By fair means or foul, Violet Yorke had to get to Grandmother Olivia’s. Under a threatening gray sky, she stood at the Manhattan street corner, frantically waving at motorcars and horse-drawn buggies, but they all passed by her without a second glance. Wasn’t it against the law not to stop? If it wasn’t, it should be. Compared to this indignity, slipping out of the hospital had been a breeze. She’d simply waited until the morning shift changed and blended in with the departing visitors. Not that anyone would care she’d gone.
Dispirited, she trudged down the cobblestone street, taking care not to step into piles of fresh horse dung. The drivers probably thought she was a street urchin in her ill-fitting threadbare coat that barely skimmed her knees, and even worse, no hat. No self-respecting lady went out in public without her hat. Fuddy-duddy Great-Aunt Florence wouldn’t have approved. And she certainly wouldn’t have approved of Violet roaming about unaccompanied. But this wasn’t the time for social niceties. Violet wasn’t in London under the watchful eye of a battalion of bat-faced maids.
Violet loved the freedom but not the weather. For early April it felt more like February, a cold that chilled to the bone. It had been equally blustery when she’d boarded Titanic at Southampton, the docks swarming with well-wishers. What had Florence said? That everyone would remember Titanic for years to come, and that Violet was embarking on the adventure of a lifetime. Violet thought it was a bit premature to make such a declaration, as it was only 1912, and who knew what else might happen? As it turned out, Florence had been right – but not in the way she’d intended.”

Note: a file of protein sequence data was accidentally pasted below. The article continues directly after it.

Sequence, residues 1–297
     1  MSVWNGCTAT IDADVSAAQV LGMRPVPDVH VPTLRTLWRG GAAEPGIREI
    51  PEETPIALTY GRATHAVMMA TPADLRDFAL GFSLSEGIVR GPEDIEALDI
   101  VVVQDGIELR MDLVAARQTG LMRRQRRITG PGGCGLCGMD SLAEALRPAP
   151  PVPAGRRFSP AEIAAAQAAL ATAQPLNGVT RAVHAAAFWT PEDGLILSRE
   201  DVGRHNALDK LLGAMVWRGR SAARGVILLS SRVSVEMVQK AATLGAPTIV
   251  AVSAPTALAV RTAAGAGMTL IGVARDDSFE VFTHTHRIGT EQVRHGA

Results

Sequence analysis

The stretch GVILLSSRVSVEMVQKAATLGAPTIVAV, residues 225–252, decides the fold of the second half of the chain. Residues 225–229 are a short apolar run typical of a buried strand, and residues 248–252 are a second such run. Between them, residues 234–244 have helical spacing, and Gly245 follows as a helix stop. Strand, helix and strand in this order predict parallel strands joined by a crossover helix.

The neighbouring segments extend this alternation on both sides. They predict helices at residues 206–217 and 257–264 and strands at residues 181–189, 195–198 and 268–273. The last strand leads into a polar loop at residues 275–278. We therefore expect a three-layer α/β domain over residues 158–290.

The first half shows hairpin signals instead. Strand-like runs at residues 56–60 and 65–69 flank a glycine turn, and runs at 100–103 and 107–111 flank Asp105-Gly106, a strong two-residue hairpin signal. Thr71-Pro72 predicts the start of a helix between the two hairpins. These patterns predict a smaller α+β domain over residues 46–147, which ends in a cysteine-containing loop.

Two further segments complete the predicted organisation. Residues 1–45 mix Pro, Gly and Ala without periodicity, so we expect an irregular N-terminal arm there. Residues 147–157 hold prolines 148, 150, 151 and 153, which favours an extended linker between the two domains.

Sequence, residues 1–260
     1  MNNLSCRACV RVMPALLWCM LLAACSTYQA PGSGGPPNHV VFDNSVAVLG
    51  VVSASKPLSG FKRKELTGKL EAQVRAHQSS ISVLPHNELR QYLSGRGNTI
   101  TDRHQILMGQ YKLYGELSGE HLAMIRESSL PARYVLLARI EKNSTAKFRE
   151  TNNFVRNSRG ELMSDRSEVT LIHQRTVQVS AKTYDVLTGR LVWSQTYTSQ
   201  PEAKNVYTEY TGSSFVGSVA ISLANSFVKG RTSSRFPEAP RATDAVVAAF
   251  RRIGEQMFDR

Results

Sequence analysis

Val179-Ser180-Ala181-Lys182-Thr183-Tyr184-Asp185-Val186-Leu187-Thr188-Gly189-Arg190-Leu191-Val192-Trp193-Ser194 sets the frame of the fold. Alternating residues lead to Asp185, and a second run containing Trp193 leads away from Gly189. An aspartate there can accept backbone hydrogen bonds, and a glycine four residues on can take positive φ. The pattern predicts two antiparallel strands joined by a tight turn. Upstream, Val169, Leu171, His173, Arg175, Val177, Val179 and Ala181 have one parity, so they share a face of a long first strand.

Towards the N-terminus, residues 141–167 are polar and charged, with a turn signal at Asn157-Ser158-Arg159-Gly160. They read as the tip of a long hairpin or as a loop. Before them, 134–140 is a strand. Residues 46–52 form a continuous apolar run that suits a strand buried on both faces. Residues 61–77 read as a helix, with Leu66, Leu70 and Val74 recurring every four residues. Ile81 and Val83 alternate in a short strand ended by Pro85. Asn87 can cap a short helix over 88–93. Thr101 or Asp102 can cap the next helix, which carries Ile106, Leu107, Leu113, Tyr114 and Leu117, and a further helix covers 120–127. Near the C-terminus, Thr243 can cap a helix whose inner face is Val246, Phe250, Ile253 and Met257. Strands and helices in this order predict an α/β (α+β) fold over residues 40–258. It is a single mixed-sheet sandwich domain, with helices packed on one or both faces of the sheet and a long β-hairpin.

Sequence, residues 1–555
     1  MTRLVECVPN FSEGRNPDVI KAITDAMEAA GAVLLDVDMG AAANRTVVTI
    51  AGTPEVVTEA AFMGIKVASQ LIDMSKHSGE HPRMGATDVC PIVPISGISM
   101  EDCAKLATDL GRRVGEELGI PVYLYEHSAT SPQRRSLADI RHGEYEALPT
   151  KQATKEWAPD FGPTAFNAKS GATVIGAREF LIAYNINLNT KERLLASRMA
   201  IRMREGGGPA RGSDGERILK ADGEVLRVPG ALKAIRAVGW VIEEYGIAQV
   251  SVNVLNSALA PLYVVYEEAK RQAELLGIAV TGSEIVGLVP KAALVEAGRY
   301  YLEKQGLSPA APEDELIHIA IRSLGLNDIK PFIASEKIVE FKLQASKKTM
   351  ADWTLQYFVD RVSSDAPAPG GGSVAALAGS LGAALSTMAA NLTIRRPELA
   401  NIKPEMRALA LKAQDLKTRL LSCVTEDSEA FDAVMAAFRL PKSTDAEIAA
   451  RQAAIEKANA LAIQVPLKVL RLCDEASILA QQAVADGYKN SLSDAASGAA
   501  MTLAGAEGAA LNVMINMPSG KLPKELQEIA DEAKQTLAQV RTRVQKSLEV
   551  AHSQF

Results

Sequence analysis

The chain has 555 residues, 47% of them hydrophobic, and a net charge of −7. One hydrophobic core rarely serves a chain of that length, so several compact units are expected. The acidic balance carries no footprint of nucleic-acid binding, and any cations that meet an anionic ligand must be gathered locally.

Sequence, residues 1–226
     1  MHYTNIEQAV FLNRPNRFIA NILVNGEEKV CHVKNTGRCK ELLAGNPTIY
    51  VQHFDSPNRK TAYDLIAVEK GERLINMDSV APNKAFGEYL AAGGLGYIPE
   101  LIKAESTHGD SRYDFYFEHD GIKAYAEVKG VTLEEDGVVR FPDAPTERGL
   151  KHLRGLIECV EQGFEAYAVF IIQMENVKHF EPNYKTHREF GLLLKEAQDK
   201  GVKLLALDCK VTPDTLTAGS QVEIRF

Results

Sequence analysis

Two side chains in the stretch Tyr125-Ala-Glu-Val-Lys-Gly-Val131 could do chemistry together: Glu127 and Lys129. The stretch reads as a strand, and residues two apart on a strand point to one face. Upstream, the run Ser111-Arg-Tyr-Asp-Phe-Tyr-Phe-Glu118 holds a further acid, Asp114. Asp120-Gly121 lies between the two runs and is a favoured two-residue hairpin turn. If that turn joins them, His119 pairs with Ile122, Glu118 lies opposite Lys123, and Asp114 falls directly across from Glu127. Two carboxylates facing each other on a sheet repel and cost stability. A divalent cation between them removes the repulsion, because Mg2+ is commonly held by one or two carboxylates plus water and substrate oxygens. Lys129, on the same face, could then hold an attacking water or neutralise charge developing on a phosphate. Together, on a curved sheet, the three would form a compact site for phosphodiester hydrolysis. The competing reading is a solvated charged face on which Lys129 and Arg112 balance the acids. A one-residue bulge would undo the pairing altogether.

PJ McIlvaine is a prolific author/screenwriter/writer/journalist.
PJ is the author of the AmazonUS best-selling VIOLET YORKE, GILDED GIRL: GHOSTS IN THE CLOSET (April 2022, Darkstroke Books), her debut middle-grade supernatural historical mystery adventure about a sassy poor little rich girl/Titanic survivor who sees ghosts in 1912 Manhattan.
PJ’s debut picture book LITTLE LENA AND THE BIG TABLE (May 2019, Big Belly Book Co.), with illustrations by Leila Nabih, is about a determined little girl tired of eating with her annoying cousins at the kid’s table, only to discover that the grown-up big table isn’t much better. Her second published picture book, DRAGON ROAR (October 2021, MacLaren-Cochrane Publishing), illustrations by Logan Rogers), is about a lonely, sick dragon who has lost his mighty roar and the brave village girl who helps him find it again. PJ is also under contract with Oghma Creative Media for a series of Creature Feature picture books (2023-2024) and with Orange Blossom Books for her debut Young Adult alternate history adventure THE CONUNDRUM OF CHARLEMAGNE CROSSE set in Victorian London (Fall 2023).
PJ is also a co-host and founding member of #PBPitch, the premiere Twitter pitch party for picture book creators.
PJ has been published in numerous outlets including The New York Times and Newsday. PJ also does features and interviews for The Children’s Book Insider newsletter.
Also, PJ’s critically acclaimed Showtime original family movie MY HORRIBLE YEAR with Mimi Rogers, Karen Allen, and Eric Stoltz, was nominated for a Daytime Emmy.
PJ lives in Eastern Long Island with her family along with Luna, an extremely spoiled French Bulldog, and Sasha the Psycho Cat.
Can you, for those who don’t know you already, tell me something about yourself and how you became an author?